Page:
January 31, 2019

By January 31, 2019News

Procedural steps taken by a judicial administrator for the purpose of termination of legal entities may also include the right to file an application for entry in the National Court Register. The above view has been taken by the Supreme Court seised of the cassation complaint brought by B. SA under reference number I CSK 679/17. The supreme Court has resolved the issue whether the joint stock company being under legal supervision pursuant to art. 42 of polish civil code, subject to compulsory registration (whithout bodies authorised to represent it), may be effectively registered by a judicial administrator.

The Court has held that in extraordinary circumstances such as for instance the impossibility of making entry in the register existing before the date on which the National Court Register Act is brought into effect, it should be assumed that the judicial administrator was also entitled to file an application for entry in the register pursuant to art. 7 of the introductory regulations of National Court Register Act. The above article stipulates that the entity subject to compulsory registration pursuant to the provisions of National Court Register Act in force until the date of filing the application for entry in Register, is oblige to file an application. Therefore, the judicial administrator, aiming to produce legal effects set out in art. 42 of polish civil code, was entitled to file an application for entry in the National Court Register.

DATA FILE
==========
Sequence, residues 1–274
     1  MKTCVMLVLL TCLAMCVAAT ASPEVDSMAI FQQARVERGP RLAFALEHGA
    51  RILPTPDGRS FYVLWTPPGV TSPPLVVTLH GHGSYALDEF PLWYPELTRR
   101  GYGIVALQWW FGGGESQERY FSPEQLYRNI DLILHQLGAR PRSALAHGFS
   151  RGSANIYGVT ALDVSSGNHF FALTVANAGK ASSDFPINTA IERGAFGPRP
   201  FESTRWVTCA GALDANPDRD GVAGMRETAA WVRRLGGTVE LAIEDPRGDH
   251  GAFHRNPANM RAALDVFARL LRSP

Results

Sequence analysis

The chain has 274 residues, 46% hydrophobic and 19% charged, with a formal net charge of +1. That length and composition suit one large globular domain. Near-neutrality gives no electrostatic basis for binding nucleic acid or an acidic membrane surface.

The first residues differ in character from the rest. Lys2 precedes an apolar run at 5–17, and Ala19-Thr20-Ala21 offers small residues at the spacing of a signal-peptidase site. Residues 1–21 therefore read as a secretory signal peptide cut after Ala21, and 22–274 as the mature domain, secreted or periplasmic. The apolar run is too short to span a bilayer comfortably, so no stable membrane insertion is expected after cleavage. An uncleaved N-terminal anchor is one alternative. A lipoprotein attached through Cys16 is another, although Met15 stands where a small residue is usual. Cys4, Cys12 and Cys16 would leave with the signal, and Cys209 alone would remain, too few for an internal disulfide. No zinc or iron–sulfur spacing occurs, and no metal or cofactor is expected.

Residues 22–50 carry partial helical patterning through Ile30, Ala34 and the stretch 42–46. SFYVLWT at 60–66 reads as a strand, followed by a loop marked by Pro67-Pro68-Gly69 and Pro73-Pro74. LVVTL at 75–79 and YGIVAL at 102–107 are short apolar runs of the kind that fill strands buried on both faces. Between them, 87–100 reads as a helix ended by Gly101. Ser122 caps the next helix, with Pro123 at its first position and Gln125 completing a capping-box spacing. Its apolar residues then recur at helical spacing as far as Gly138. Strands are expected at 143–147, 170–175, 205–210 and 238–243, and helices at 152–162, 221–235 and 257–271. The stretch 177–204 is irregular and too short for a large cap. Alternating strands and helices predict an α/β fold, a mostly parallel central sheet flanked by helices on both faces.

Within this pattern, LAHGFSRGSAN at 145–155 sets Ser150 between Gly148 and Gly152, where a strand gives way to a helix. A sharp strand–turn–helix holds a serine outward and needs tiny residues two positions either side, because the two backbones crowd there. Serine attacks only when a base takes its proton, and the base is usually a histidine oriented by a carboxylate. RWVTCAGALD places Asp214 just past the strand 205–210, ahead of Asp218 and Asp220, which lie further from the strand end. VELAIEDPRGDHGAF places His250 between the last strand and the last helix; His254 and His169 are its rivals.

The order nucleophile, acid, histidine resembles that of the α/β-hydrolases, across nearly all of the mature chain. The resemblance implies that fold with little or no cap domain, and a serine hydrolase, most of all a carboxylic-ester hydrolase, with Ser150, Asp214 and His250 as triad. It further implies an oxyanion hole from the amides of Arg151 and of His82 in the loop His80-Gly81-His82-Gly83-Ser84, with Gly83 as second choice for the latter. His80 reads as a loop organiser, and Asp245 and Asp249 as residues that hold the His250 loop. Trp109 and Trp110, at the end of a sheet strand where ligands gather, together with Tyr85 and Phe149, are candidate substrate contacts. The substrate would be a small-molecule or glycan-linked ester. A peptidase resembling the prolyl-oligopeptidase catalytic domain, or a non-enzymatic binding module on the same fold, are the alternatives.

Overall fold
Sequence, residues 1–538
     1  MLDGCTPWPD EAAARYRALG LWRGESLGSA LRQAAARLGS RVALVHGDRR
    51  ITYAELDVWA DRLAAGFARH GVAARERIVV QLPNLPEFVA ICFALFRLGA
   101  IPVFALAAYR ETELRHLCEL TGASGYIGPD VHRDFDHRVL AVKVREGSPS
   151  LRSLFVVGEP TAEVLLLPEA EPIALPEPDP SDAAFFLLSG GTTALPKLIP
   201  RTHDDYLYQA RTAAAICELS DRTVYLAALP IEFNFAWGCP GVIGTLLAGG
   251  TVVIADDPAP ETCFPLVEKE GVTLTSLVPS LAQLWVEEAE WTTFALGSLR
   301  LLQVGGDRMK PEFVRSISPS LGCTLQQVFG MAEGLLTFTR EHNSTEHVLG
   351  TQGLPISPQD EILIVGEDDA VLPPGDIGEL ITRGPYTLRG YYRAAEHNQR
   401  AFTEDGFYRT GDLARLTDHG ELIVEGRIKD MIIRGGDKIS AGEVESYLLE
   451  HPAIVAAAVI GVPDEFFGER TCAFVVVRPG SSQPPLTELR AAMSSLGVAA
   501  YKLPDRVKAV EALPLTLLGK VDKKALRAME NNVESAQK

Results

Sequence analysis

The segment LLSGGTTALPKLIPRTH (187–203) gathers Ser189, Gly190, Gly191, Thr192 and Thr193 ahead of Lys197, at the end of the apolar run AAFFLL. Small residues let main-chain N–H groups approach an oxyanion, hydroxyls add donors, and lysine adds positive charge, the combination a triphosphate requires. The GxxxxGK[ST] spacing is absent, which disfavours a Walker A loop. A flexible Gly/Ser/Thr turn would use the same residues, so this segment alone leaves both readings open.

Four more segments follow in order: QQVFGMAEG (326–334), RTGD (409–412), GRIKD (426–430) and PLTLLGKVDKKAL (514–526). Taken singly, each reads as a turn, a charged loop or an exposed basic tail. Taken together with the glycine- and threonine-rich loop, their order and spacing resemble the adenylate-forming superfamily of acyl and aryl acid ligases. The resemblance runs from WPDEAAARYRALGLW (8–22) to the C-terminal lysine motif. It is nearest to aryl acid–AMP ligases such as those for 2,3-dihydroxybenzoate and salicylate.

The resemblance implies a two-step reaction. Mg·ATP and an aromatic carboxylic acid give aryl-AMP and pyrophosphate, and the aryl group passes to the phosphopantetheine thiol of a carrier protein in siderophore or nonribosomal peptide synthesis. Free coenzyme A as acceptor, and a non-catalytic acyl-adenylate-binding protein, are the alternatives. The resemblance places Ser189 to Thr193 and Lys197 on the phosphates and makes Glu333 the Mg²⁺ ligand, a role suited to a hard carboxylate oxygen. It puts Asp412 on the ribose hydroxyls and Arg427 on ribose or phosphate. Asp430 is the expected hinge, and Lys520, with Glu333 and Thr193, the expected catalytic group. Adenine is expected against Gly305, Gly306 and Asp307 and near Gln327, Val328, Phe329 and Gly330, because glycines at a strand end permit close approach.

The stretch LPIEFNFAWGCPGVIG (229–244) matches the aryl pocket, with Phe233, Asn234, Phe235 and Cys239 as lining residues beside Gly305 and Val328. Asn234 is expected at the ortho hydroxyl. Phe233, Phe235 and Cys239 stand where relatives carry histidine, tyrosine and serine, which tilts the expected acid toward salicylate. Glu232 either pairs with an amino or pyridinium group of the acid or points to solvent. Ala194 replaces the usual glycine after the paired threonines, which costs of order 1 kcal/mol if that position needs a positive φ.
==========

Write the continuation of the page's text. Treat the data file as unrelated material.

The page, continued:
The ruling was issued upon cassation complaint brought by the team of Sobczyńscy Adwokaci lawyers (led by attorney Michał Sobczyński) on the behalf of the company- a party to the proceedings. The complaint was brought against the decision of Regional Court in Warsaw upholding the appealed decision of District Court to dismiss the application for entry in the register. The Regional Court took the view that judicial administrator appointed under art. 42 of polish civil code has the range of competencies stipulated only in that provision and therefore is not entitled to represent the company in legal proceedings including registration procedure. The Supreme Court disagreed with the above and setting aside the appealed decision, remanded the case, resolving at the same time the legal issue.